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RA Harrad, C Williams, JM Sparrow, K Northstone, I HarveyALSPAC Study Team; Visual Acuity at 7 Years After Orthoptic Screening at Different Ages - Results of a Randomised Controlled Trial . Invest. Ophthalmol. Vis. Sci. 2002;43(13):2941.
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© ARVO (1962-2015); The Authors (2016-present)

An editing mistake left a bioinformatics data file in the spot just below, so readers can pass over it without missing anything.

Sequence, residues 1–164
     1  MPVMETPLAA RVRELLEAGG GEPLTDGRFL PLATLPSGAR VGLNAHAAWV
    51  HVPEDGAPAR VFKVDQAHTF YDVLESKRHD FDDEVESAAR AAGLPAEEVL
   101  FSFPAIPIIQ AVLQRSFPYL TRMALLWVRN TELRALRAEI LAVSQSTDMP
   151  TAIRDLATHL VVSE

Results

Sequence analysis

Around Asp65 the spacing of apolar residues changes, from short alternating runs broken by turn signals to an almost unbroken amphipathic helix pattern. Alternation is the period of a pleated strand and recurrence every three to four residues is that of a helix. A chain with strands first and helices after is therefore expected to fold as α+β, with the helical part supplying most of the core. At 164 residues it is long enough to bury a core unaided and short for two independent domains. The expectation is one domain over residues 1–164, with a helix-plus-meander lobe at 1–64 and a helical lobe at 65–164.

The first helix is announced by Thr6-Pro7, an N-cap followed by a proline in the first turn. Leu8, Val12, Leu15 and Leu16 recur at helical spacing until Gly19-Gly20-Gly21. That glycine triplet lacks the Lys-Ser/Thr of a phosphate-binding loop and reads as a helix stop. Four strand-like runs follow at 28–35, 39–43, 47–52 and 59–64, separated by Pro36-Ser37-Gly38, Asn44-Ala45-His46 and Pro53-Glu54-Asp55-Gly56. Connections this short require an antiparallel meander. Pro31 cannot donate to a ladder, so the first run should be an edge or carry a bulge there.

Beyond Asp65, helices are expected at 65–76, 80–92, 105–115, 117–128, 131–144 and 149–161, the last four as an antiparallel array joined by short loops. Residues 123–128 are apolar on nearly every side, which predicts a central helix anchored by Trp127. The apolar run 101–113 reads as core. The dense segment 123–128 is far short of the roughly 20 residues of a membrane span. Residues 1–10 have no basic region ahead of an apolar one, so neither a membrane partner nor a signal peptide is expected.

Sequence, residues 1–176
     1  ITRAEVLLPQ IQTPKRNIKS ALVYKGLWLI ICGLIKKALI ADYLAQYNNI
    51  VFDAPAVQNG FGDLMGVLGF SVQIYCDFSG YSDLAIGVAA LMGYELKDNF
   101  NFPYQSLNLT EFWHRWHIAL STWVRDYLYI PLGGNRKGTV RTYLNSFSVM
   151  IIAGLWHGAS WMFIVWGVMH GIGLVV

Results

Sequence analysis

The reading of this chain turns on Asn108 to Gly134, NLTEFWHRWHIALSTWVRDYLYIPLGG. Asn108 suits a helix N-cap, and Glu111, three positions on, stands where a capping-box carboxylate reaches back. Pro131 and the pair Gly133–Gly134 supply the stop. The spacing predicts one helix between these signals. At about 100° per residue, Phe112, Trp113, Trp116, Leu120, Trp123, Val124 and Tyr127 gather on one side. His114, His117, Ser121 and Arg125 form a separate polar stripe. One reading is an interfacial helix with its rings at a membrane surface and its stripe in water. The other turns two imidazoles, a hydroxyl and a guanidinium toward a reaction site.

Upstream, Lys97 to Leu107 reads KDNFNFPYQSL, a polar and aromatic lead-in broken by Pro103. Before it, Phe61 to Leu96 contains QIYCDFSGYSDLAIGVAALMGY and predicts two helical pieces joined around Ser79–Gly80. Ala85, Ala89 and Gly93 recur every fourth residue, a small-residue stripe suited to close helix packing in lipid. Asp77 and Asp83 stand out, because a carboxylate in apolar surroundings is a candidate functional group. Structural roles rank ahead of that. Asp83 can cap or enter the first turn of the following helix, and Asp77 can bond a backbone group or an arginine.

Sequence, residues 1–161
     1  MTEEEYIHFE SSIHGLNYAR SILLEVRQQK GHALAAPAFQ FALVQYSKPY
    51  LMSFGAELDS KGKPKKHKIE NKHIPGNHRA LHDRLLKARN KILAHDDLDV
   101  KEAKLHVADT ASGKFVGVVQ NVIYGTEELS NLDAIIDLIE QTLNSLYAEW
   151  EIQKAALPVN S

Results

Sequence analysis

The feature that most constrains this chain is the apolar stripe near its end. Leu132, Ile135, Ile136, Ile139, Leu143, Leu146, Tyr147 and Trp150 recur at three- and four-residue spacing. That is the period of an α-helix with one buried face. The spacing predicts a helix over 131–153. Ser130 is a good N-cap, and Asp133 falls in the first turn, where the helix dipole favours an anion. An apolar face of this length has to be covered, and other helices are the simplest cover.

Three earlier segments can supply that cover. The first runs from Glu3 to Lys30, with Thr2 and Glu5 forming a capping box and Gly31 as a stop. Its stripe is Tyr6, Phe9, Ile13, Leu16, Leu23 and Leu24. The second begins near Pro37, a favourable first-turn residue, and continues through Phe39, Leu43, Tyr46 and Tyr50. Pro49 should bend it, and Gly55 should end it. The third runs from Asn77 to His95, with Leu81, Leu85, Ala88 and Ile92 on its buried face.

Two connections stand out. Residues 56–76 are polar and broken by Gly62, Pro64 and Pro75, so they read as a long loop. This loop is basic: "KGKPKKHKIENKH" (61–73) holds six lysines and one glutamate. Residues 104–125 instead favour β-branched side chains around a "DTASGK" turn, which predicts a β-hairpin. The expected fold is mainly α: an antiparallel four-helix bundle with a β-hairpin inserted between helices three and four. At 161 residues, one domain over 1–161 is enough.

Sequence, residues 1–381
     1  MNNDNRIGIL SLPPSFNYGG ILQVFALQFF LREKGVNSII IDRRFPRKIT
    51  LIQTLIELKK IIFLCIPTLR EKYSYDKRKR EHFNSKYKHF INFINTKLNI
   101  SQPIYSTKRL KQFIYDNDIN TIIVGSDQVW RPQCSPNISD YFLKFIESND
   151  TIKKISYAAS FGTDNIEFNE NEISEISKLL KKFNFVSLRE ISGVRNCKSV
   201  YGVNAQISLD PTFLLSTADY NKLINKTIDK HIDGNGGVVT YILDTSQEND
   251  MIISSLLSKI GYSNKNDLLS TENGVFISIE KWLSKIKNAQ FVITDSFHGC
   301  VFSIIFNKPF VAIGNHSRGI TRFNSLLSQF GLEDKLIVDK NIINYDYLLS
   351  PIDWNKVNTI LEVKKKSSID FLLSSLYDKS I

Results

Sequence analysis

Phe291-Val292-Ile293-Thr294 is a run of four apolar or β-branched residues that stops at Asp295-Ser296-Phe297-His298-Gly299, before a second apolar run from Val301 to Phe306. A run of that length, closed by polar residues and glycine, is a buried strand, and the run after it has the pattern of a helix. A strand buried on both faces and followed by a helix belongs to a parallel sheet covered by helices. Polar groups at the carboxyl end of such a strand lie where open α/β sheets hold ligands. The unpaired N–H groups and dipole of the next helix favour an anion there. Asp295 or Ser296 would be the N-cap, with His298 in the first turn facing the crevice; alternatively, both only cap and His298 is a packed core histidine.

Purpose:To test the hypothesis that preschool vision screening by orthoptists improves visual outcome in children with amblyopia, as there are no randomised trials that address this question. Methods:A randomised controlled trial (RCT) compared intensive orthoptic screening (at 8, 12, 18, 25, 31 and 37 months) with intermediate-level orthopic screening (at 37 months only) or no orthoptic screening.This RCT was nested in a birth cohort study. The outcome was assessed when the children were 7 years old. Results:Amblyopia was less prevalent in the intensive group than in the intermediate group (0.6% vs. 1.8%; p = 0.02) or the no screening group (0.6% vs. 1.2%; p = 0.70). Similar proportions of children had been treated for amblyopia in each group. In comparison with the intensive group, the likelihood (OR: 95% CI) of persistent amblyopia despite treatment was 4.1 (1.1 - 16.6)times greater for the intermediate group and 7.0 (1.3 - 38.6) times greater for the no screening group. Median acuities in amblyopic eyes at 7 years in the 3 groups were 0.12, 0.19 and 0.27 LogMAR units respectively (p = 0.04) Conclusion:Treatment for amblyopia was more effective after repeated orthoptic screening between 8 - 37 months as compared with similar screening at 37 months only, which in turn was associated with more effective treatment than was no orthoptic screening. These data support the hypothesis that early treatment leads to a better outcome than later treatment.
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